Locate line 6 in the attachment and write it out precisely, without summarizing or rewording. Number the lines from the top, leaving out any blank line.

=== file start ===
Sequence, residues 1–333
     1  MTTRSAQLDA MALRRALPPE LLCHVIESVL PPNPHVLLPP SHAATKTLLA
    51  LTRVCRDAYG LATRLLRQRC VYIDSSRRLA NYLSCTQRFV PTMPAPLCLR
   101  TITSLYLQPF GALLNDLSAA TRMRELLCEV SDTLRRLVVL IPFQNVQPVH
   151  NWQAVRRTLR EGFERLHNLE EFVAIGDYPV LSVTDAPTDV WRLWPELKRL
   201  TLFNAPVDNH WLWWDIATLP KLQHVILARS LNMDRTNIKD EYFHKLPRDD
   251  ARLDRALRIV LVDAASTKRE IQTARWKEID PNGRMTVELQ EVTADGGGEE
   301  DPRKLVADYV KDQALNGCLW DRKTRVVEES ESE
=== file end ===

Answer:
   201  TLFNAPVDNH WLWWDIATLP KLQHVILARS LNMDRTNIKD EYFHKLPRDD